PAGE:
| The only information that can be read with a remote reader (assuming that
| reader is within a few inches of the card) is the same information
| the card and readable on the mag stripe. Those details are insufficient to
| create a cloned card.
Do you happen to have any links to info
about this? I don't understand the technical
details of how it works, and without knowing
that it's hard to assess the risks, or lack of
| > Do you happen to have any links to info
| > about this? I don't understand the technical
| > details of how it works, and without knowing
| > that it's hard to assess the risks, or lack of
| > them.
| Google "credit card safety tip".
I've done some searching and found some info,
but I haven't come across a full, authoritative
explanation of the whole thing. Mr. Conan Doyle
claims to know all about it, so I figured perhaps
he can share his source. If you find the full story
by Googling I'd be glad to follow your links. What
I'm wondering about is the full story on how the
chips actually work.
RFID comes is several different flavors. There's a lot of incorrect information
floating around. this is one of the more reputable sources about the technology:
When you run across passive vs. active, understand that passive RFID does not
require a battery and is the type of RFID used in some credit cards.
| > I've done some searching and found some info,
| >but I haven't come across a full, authoritative
| >explanation of the whole thing
| RFID comes is several different flavors. There's a lot of incorrect
| floating around. this is one of the more reputable sources about the
| When you run across passive vs. active, understand that passive RFID does
| require a battery and is the type of RFID used in some credit cards.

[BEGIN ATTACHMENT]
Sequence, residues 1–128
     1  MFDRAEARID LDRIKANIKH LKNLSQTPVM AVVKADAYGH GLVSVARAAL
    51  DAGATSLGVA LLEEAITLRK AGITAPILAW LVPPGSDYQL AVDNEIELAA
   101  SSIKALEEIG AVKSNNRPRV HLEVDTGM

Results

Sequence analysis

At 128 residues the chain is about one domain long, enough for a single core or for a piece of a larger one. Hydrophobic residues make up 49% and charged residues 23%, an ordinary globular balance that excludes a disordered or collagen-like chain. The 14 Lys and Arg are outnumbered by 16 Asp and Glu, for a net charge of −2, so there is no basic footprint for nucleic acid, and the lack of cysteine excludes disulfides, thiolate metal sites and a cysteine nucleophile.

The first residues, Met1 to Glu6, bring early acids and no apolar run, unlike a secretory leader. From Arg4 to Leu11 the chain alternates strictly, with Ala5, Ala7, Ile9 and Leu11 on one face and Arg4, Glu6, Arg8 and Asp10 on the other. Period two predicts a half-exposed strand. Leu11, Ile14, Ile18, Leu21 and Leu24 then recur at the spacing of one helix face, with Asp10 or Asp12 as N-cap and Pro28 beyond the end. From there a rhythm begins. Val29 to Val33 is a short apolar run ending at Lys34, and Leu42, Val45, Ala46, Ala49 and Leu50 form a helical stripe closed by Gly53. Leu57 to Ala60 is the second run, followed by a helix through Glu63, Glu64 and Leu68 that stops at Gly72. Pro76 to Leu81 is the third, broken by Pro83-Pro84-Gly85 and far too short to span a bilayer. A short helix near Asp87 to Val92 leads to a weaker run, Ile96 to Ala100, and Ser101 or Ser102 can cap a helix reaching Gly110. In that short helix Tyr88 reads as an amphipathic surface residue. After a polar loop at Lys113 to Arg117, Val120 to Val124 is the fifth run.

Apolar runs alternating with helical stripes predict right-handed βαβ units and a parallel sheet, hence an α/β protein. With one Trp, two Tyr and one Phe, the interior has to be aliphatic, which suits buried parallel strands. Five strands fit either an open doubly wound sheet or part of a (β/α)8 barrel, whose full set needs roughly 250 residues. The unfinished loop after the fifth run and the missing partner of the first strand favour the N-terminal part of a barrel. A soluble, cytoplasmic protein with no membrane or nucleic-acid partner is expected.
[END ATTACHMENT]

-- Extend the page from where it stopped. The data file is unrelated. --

I think I understand RFID. A very small chip
holds a single, large ID number, which can
be read from varying distances depending on
the reader and the chip. That's the kind
of thing I was thinking of in the scenario of
CVS reading the contents of your car. In
particular, I was highlighting that any limits
in read distance shouldn't be assumed to be
What I don't understand is EMV, particularly how
it's being used in credit cards. You seem to know
all about how that works and how it's being
implemented, while all I've been able to find is
general tips about "getting ready for chip cards".
What little I've found seems to imply there's some
kind of token number passed, not exposing any
pertinent information, but I don't understand how
that can work securely. And you said the chip
contains the credit card number and name, which
would imply a chip is not secure in any way. In fact,
it would seem to me to be less secure. If the chip
holds a unique ID sent to MC/Visa to be matched
up with your account, and US merchants don't require
a PIN number, then it would seem fairly easy to just
tape a programmed chip to any old card and pass
it over checkout readers.
I also don't understand why/how EMV is different
from RFID. Is EMV just the name used for RFID chips
being used in cards?
I think someone said that EMV uses metal connectors
like a flash drive into USB socket. Anyone can confirm
this? I'd be a lot more comfortable with a pin and
Christopher A. Young
learn more about Jesus
From the Visa website:
"For contact chip cards, your customers must insert the chip card
into the payment terminal reader instead of swiping the card as they do
with a magnetic stripe card. Also, your customers must leave the chip
card in the payment terminal reader until the total transaction amount
is known. "
Thus it has to be inserted AND kept in the reader for the entire